MassTLC 2019 DC Fly-In Takes Tech Advocacy to a Higher Plane
CyberArk is a member of the Massachusetts Technology Leadership Council (MassTLC), an industry consortium of 500 organizations. Every year, MassTLC joins their counterparts across North America to attend the Computing Technology Industry Association (CompTIA) Fly-In. MassTLC invites a select group of technology leaders to join them for this conference and Capitol Hill visits to talk to legislators and educate them on the most important issues facing the technology community. For the past two years, Adam Bosnian, EVP of Global Business Development at CyberArk, has attended the DC Fly-In as a representative from CyberArk.
Three areas where the MassTLC delegation focused are– infrastructure, talent and data privacy. Bosnian advocated for improved infrastructure. The delegation to Capitol Hill was ten people – Tom Hopcroft, president and CEO of MassTLC; Sara Fraim, director of policy for MassTLC; and representatives from top technology companies and start-ups in Massachusetts.
The group spoke with Senator Ed Markey, Congresswoman Lori Trahan, Congressman Joe Kennedy, Congresswoman Ayanna Pressley, Congresswoman Katherine Clark and representatives for Congressman Stephen Lynch and Congressman Seth Moulton. With each representative, the group had approximately 30 minutes to make their case.
After Adam returned from DC, I asked him a few questions about his experience.
When you went to talk with the legislators, what did you advocate for?
Very often infrastructure legislation is mostly focused around transportation. CompTIA’s position is that when you’re working on infrastructure bills, you need to consider smart technologies and funding for those technologies. You can imagine this to be things like sensors in roads or cars.
I said that while we absolutely want to put dollars into smart technologies, we shouldn’t forget money to refresh the backend systems that are supporting things like energy grids and public utilities. Currently, those backend systems can’t support smart technologies.
As we refresh those backend systems, it will also allow us to put cybersecurity on those systems. Today, the grid is running on technology that’s at least 20 to 30 years old. We can’t adequately apply cybersecurity controls to it. Almost every legislator said that they’d heard a briefing regarding the grid and how it’s susceptible to attack.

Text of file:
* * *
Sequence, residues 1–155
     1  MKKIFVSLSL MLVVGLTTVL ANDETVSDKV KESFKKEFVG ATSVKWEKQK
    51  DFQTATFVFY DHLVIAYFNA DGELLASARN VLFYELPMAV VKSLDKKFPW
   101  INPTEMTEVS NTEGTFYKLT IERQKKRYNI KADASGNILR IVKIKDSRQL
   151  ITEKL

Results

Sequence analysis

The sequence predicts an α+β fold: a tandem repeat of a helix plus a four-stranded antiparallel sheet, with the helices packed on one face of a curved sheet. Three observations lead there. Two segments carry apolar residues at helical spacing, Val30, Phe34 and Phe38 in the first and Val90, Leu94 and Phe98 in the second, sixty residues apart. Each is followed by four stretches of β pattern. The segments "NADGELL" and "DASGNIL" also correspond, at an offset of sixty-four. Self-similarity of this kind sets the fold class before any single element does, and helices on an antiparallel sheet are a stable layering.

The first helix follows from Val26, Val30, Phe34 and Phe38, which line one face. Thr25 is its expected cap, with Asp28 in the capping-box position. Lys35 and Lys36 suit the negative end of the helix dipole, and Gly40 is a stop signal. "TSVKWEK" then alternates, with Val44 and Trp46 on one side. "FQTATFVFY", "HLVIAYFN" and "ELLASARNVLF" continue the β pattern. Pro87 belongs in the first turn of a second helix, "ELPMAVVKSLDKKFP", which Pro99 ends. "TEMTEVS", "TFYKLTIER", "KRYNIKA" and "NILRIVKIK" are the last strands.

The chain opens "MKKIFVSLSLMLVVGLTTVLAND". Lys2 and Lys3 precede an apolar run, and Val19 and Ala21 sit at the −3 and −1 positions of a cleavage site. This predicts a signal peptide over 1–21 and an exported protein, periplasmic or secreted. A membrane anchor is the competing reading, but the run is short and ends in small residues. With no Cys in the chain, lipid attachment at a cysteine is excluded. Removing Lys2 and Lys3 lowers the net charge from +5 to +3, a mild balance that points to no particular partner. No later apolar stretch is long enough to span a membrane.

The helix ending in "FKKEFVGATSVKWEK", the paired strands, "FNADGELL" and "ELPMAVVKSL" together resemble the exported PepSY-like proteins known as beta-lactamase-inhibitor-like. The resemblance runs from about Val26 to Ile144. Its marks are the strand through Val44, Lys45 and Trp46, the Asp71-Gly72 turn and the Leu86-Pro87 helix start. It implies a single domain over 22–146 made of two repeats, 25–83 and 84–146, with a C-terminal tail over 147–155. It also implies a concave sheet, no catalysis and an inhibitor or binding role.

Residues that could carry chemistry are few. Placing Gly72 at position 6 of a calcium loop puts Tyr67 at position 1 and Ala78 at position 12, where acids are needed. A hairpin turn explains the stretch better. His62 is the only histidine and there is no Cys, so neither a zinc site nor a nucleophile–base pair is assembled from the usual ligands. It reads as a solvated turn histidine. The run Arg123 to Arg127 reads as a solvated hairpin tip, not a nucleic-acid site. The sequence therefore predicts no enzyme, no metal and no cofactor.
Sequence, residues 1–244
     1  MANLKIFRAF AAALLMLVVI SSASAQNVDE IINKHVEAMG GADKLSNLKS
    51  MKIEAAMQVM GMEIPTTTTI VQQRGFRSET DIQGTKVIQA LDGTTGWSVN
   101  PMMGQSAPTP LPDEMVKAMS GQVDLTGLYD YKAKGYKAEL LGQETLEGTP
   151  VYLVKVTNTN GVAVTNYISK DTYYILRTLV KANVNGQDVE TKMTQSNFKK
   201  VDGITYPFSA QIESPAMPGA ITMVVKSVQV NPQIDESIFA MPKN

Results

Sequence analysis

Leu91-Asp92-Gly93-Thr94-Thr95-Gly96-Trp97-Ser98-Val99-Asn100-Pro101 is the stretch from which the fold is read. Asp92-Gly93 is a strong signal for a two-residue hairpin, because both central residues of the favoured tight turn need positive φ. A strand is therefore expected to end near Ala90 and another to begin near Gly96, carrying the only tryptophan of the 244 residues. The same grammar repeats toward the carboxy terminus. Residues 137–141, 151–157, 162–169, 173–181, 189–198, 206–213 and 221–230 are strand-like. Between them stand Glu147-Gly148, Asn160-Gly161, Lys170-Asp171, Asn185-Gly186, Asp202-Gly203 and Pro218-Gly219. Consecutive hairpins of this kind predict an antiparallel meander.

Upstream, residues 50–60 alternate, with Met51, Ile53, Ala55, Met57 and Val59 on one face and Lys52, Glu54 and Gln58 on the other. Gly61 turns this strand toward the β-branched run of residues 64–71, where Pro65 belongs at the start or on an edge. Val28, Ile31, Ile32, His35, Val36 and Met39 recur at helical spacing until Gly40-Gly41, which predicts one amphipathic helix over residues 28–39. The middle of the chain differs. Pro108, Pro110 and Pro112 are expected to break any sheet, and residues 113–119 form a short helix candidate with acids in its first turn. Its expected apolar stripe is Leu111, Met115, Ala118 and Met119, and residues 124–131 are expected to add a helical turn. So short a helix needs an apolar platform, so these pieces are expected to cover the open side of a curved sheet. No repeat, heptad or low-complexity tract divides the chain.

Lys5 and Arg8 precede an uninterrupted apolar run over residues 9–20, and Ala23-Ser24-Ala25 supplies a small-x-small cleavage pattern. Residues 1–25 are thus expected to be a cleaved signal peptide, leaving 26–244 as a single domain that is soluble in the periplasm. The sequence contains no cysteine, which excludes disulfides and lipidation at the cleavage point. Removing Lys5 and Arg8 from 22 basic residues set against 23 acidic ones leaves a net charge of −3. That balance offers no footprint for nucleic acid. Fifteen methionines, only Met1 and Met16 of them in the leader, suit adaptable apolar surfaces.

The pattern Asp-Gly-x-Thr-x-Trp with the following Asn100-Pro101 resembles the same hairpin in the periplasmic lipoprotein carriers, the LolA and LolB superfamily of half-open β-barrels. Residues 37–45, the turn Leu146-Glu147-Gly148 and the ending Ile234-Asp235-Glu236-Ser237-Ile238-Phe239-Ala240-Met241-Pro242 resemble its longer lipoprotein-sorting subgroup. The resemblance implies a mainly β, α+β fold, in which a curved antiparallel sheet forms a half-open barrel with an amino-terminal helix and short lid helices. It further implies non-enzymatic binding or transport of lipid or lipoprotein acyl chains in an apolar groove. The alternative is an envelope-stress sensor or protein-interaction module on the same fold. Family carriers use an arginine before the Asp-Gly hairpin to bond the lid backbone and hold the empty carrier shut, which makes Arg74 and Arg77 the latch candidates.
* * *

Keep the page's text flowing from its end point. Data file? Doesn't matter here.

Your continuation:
Modernizing the backend provides not just an infrastructure modernization benefit, but also a national cybersecurity benefit.
So, where does CyberArk fit in? We primarily focus on securing the data center and the IT side of the house. But all of the problems that we solve on the data center side exist on the operational technologies side of the house – consider manufacturing production lines, managing power lines or the power grid itself.
What we’re seeing is that there are vulnerabilities on the operational technology side that are not being addressed. Very often they can’t be addressed without modernizing or refreshing the backend technology. They’re not being refreshed or modernized because it costs a lot of money and, if the generation unit is working, companies don’t have any incentive to fix it. But, the “if it ain’t broke don’t fix it” mindset doesn’t apply when it comes to national security and support a more resilient national security posture.
What can we do here and now to affect policy in a positive way?
The problem we have is that, while we can highlight the cybersecurity problem to the utility and the utility may even agree that it’s a problem, without regulation motivating them to fix it, they aren’t necessarily going to fix it in a timely manner without some kind of incentive. So, I do feel that CyberArk has a responsibility to both shine a light on the industry to show what needs to be improved and to work with key stakeholders to influence an environment that allows and empowers organizations to solve the problem.
What role do you see CyberArk having in this going forward?
I think we should find ways to be more involved in national, if not international-level initiatives, whether that’s through something like CompTIA or being part of the Identity Defined Security Alliance (IDSA) or something like Cyber Threat Alliance. I think we have a responsibility as a leading company in the cybersecurity space to use our position and our voice to highlight areas that need more attention and prioritization.
What issue in cybersecurity do you most want to advocate for?
I don’t think we talk about cybersecurity in the schools enough. We barely talk about programming at the schools, never mind cultivating the next generation of cybersecurity-aware students and future professionals. Cybersecurity is interesting, cool stuff and I think we should expose more kids to what we do.
I just don’t think people even think about cybersecurity as an alternative career path, because we’re not in the elementary schools, the middle school and the high schools talking about what cybersecurity is. In their minds, cybersecurity is something that just gets in the way of their day-to-day activities with their phone, laptop or iPad. But, it’s so much more than that. I don’t think we bring it home in a consumable way for a broader set of people to help them really get it. That’s something I’d like to help change and advocate for.